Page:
DH got obsessed with cycling after we bought our first house. You know: young, married, no kids...we could indulge. He road a century race or two (those are 100 miles) and then decided to do the 24-Hour Challenge, which is pretty much what it sounds like.
Having a bike when we lived in a house was no big deal. It could go just about anywhere. (It found a place of honor in my hubby's den.)
Now, it's in our dining room. Why? Because DH wants it close by.
See, about 3 years ago, he had minor heart surgery that turned into a 3 week hospital stay. His right arm was badly affected by the surgery and he now has a great deal of nerve pain. After surgery, riding the bike became an exercise in pain control - every bump and dip added pain to his ride.
He doesn't want to give it up - it's been a passion of his for 30 years. But his bike is too expensive to lock up outside. It's sitting in the dining room.
At some point in every marriage, there comes a moment of clarity (and it may certainly be different for each person.) That moment of clarity usually happens in the first 3 months or so of marriage (taking into account that hubby and I did NOT live together before marriage.) That moment of clarity goes something like: "Golly, I could just strangle him right now" or "Holy Hannah! I'm gonna kill her!"
No, we are not really going to murder our spouse. What we have done is recognize that living with another human being is tough. And when you tack on the 24/7, til-death-do-us-part nature of marriage - well, you see how the strangling and murdering comes into play.
That bike, sitting in my living room, is a sign of my holiness (or truly, lack thereof.) It cost way more than I would have spent on it. It's been a constant item in the apartment for the past two years; he shuffles it around. I would love to sell it and put that money towards debt. But it's not going anywhere.
See, it's not just a bike. It's my husband's dreams, past and future. It's a way of life he's enjoyed. He gets to decide if, when and how the bike leaves his ownership. And I support him fully in that.
Spouses - if their marriage is going to be successful - have to put up with bikes in the dining room, or pink wallpaper in the bedroom, or snoring, or being untidy. Yup, there are things you roll your eyes at, maybe even argue about (stop doing that; it's bad for your marriage.) These things are not important to you, or at least not as important to you as they are to your spouse. And you have to let it go.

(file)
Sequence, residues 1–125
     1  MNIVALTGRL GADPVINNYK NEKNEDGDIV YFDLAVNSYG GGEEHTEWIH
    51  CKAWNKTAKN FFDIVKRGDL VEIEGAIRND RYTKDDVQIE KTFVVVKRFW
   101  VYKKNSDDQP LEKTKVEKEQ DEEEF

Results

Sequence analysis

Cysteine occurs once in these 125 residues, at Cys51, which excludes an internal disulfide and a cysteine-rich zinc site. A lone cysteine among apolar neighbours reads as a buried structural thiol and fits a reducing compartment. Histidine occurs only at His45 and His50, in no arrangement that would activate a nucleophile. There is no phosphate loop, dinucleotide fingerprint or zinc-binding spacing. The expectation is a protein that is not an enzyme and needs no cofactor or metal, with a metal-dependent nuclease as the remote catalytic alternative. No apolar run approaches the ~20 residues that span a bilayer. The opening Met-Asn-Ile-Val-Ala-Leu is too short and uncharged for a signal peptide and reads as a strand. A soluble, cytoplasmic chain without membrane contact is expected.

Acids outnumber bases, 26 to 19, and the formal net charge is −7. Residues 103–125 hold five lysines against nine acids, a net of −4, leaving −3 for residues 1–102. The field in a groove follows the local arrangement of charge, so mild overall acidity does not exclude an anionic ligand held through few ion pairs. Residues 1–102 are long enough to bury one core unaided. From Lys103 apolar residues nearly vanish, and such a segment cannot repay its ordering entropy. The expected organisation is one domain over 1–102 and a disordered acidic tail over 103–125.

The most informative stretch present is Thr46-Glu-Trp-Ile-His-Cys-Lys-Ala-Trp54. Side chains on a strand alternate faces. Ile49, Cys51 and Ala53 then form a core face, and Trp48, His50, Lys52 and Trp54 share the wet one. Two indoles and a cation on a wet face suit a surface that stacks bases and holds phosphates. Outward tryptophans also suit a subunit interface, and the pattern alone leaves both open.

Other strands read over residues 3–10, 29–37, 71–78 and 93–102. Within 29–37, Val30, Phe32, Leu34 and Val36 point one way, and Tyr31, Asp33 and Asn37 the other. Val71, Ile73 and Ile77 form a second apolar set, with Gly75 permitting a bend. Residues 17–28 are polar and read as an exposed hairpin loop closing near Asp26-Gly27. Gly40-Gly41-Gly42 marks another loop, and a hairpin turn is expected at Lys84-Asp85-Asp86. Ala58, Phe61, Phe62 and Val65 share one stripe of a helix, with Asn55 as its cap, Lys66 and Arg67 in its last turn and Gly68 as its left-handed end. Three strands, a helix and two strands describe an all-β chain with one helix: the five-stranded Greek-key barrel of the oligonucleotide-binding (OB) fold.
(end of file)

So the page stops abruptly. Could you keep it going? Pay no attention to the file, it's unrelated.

My mom always said the key to a good marriage is learning to keep your mouth shut. There is great wisdom in that. There are also great marriages that bear fruit because of that.
So, there's a bike in my dining room. And I love it.
(Joke. Catholics do not believe in the Rapture. I do not believe in the Rapture. It's a joke.)
See? That is exactly what I'm talking about. I write something about the Rapture, and I have to explain that I know the Church's teaching on the topic and I am in agreement with the Church. Sometimes a joke is just a joke, people!!
I am angry and tired and discouraged. I'd like, in a very motherly way, to knock a few heads together. I don't want to do this anymore.
One great thing about belonging to a Church that is a few thousand years old is that when something happens, we can almost always point to a time in history when something similar happened. Let's be honest: there are no new sins under the sun. Humans are not terribly creative: we do the same stupid stuff over and over.
St. Francis of Assisi knew this. Heck, if he'd been alive today, St. Francis would have been posting videos of his parties, as he stood on the table laughing and signing, a bottle in one hand and the other fondly pulling a pretty little thing closer.
Of course, that all changed. St. Francis was able to be as passionate about the Church as he had been about entertaining. And the Church needed him - it was a mess: bribery, sex, power - this should all sound familiar.
Author Georges Bernanos, writing about Francis, notes that Francis didn't look at the very wounded Church and decide to leave it. Nor did he seek out a position of power in order to "fix" things. No, says Bernanos, Francis "threw himself into poverty...Instead of trying to snatch from the Church all her ill-gotten goods, he overwhelmed her with invisible treasures..."
Yes! I can't fix the government, or the scandalous behavior of our leaders, both secular and religious. But I can pray. I too can overwhelm Church and society with "invisible treasures."
Bernanos continues: "Would you still allow me to say, however, in order to be better understood by some readers, that what the Church needs is not critics but artists?,,, When poetry is in full crisis, the important thing is not to point the finger at bad poets but oneself to write beautiful poems, thus unstopping the sacred springs.
I know many of us are praying very hard right now for our nation, for our Church, for our families. However, I think far too many of us are waiting on God to answer those prayers. In the mean time, we need to get busy. We have to become artists, creating beautiful poetry and supporting all those who are doing the same. This, my friends, is what God is waiting for us to do, so that He may unstop the river of graces He has prepared for us.
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